Three Things You Need to Know to Build Your Custom Portfolio
One of the big questions many investors have is how to invest their money well. Most investors will choose to invest in cash, stocks, and/or bonds, or their packaged equivalents such as mutual funds. In this column, we discuss the three criteria we have found, which matter most to our clients, when determining which of our nine model portfolios are appropriate for a given household.
Those three criteria are risk tolerance, margin, and time frame. Here’s more.
By risk tolerance, we specifically mean your emotional tolerance and ability to sustain the up, and especially down movements, of the stock market. By margin, we mean the amount of discretionary cash flow or assets available to you. By time frame, we mean how many years remain until you need to achieve certain goals.
We measure risk tolerance using a risk profile questionnaire. While the questionnaire itself is simple, much thought has been given to the questions, so the individual and composite answers give a meaningful picture of how much volatility one individual is prepared to experience, without bailing out of a long term investment plan. If you would like to complete this questionnaire, and get a copy of the results, please email email@example.com, and you will receive a link to the questionnaire. The higher the risk tolerance score, the higher the allocation to stocks or equities.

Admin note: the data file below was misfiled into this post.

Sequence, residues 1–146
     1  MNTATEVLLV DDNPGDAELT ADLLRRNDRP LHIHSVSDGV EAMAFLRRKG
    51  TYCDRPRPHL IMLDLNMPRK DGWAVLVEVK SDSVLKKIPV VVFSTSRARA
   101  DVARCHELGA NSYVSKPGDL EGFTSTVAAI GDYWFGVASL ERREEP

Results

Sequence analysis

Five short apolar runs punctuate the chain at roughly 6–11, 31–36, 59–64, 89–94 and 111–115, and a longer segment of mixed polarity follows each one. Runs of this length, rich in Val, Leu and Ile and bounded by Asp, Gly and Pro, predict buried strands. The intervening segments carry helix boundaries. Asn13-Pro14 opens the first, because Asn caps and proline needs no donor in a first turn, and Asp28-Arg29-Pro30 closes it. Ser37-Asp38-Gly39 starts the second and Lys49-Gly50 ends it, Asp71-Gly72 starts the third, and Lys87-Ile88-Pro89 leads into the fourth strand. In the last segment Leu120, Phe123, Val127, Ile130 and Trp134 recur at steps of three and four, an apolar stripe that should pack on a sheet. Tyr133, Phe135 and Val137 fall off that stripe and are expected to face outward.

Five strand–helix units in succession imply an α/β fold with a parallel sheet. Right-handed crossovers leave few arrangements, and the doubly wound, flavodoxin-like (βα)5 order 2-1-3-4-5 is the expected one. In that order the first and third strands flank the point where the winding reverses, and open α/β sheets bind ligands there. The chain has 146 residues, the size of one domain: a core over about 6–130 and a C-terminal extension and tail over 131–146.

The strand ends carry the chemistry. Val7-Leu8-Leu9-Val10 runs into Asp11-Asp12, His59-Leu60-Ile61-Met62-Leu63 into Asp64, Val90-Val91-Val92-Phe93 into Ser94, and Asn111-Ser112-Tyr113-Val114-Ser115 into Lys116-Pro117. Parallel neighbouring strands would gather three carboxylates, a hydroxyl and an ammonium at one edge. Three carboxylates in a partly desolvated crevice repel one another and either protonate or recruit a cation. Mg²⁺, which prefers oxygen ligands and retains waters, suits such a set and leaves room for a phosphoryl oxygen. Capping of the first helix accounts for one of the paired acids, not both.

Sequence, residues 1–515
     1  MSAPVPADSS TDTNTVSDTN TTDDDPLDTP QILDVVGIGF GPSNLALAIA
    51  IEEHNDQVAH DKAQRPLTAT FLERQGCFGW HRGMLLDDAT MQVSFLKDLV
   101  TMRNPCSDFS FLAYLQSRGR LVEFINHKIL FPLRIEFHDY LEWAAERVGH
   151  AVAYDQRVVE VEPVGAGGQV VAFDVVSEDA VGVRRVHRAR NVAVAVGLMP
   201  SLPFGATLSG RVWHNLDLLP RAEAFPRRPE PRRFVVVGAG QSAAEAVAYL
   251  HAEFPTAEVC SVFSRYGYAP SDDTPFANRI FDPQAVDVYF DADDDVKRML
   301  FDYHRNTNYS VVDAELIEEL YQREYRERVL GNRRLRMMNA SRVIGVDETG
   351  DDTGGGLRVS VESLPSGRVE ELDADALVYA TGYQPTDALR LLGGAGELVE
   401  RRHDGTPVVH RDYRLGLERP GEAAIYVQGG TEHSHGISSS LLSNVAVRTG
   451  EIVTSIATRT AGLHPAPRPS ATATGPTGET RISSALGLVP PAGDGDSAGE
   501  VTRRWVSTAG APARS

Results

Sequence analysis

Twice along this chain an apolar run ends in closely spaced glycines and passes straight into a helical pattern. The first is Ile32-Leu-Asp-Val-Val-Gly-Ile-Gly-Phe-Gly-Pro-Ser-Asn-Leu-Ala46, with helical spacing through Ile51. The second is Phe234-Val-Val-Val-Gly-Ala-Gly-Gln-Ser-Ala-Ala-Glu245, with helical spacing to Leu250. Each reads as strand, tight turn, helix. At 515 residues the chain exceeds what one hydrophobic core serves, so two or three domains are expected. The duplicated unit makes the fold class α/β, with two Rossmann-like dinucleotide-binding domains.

Margin speaks to how well a household handles available cash flow. Uses of cash flow include core living expenses, debt service, taxes, charitable giving, allocated savings, perhaps travel and other discretionary spending, and long term wealth accumulation. Core living expenses, such as housing, food, and transportation, as well as taxes and debt service, are the fixed expenses. Margin is the difference between gross available incoming cash flow, and fixed expenses. Margin is created by the discipline of expense control and delayed gratification, and the preparation of the members of the household to engage in profitable enterprise to generate cash flow. The greater your margin is, the higher the allocation to stocks or equities. If you would like a monthly expense worksheet, email firstname.lastname@example.org, and one will be sent to you.
Time frame is the number of years which remain before you reach the goal for which the funds are being set aside. For most investors, this time frame is the number of years remaining before they want to, or can, retire. The longer your time frame is, the higher the allocation to stocks and equities.
This article isn’t the place for a discourse on the minutiae of how we determine the appropriate model for a household. A summary though, is that the risk profile questionnaire, which scores from 0 to 100, gives us a score which we assign to a model. If there is very little or no cash flow margin, we will generally make the portfolio more conservative by one model. If there is significant margin, we will make the portfolio more aggressive by one model. If the time frame is greater than five years, we can also make the portfolio more aggressive by one model. If the time frame is less than three years, we typically make the portfolio more conservative by one model.
As you evaluate your own situation, good questions can be “What is my actual ability to tolerate the ups and downs of the market?”, “Taking all spending into account, what is our household margin?”, and “When, based on our existing assets and dollars we consistently invest, can we reasonably expect to retire?”.
Randy Brunson, AIF
President of Centurion Advisory Group